To ensure compliance with requirements imposed by the IRS, we inform you that any U.S. tax advice contained in this communication (including any attachments) is not intended or written to be used, and cannot be used, for the purpose of (i) avoiding penalties under the Internal Revenue Code or (ii) promoting, marketing or recommending to another party any transaction or matter addressed herein.

SEC Charges New York Pension Fund Manager in $6.9 Million Kickback Scheme

December 20, 1999 8:54 AM

The SEC sued a New York pension fund manager for fraudulently receiving more than $6.9 million in kickbacks from brokerage firms in connection with his management of the pension investment funds of a number of high profile clients. The SEC's complaint, filed in U.S. District Court for the Southern District of New York, alleges that the manager received over $6.9 million in commission kickbacks from three brokerage firms. The complaint further alleges that the kickbacks he received were deducted from the investment returns of his clients in the form of mark-ups on principal trades in the over-the-counter market. According to the complaint, the manager dictated to the brokerage firm the amount of the mark-up on each trade and the firms in turn returned 57-80% of the mark-ups to the manager. In most cases, the kickbacks were funneled through dummy corporations set up by an associate who worked as a broker at these brokerage firms. The manager then instructed the firms not to report the mark-ups on his clients' trade confirmations and account statements.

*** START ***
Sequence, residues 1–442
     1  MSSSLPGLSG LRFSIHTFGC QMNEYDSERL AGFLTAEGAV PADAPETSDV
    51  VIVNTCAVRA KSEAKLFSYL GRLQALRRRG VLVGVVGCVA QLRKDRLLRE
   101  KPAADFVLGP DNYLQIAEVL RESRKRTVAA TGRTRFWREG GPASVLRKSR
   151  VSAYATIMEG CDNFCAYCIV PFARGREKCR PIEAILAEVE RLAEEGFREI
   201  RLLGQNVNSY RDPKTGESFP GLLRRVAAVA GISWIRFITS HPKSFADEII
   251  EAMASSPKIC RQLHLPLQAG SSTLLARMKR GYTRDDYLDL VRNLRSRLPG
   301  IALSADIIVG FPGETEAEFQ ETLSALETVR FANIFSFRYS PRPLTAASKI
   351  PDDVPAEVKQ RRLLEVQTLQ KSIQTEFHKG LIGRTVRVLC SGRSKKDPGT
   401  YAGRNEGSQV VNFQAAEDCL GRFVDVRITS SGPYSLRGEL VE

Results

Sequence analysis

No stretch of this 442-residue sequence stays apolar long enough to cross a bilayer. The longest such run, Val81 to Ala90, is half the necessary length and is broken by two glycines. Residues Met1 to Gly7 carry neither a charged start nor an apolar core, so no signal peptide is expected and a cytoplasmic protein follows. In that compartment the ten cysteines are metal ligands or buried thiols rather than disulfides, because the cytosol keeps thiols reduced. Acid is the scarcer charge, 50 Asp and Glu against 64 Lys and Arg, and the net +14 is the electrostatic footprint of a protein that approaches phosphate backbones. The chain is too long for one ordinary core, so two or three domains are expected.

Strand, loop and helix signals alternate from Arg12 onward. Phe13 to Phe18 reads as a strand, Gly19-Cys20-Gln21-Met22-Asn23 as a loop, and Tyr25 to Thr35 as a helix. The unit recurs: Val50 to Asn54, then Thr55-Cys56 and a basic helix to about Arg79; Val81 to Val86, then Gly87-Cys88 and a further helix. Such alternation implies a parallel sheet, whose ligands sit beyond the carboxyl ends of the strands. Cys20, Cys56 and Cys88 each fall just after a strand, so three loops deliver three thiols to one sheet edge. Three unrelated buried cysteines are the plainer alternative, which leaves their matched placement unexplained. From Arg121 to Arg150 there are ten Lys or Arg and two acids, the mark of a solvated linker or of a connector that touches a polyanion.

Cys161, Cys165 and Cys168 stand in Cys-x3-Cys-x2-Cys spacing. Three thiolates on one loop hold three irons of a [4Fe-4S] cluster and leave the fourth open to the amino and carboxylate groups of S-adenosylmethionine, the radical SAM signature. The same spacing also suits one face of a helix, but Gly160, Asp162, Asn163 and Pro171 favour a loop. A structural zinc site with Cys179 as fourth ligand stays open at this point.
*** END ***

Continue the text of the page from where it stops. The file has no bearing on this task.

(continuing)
As part of the lawsuit, the SEC has charged the manager with violating, and his associate with aiding and abetting violations of, the anti-fraud provisions of the federal securities laws. The manager was also charged with filing false documents with the SEC. The SEC is seeking permanent injunctions, disgorgement of all fraudulently received gains plus prejudgment interest and civil penalties against the defendants. SEC Press Release 99-173 (December 16, 1999)

 
 



This Summary, which draws from a wide range of sources, endeavors to condense important investment management regulatory news of the preceding week into one, easily digestible source. This Summary is not intended as legal advice. Readers should not act upon information contained in this Summary without professional legal counsel. This Summary may be considered advertising under the rules of the Supreme Judicial Court of Massachusetts.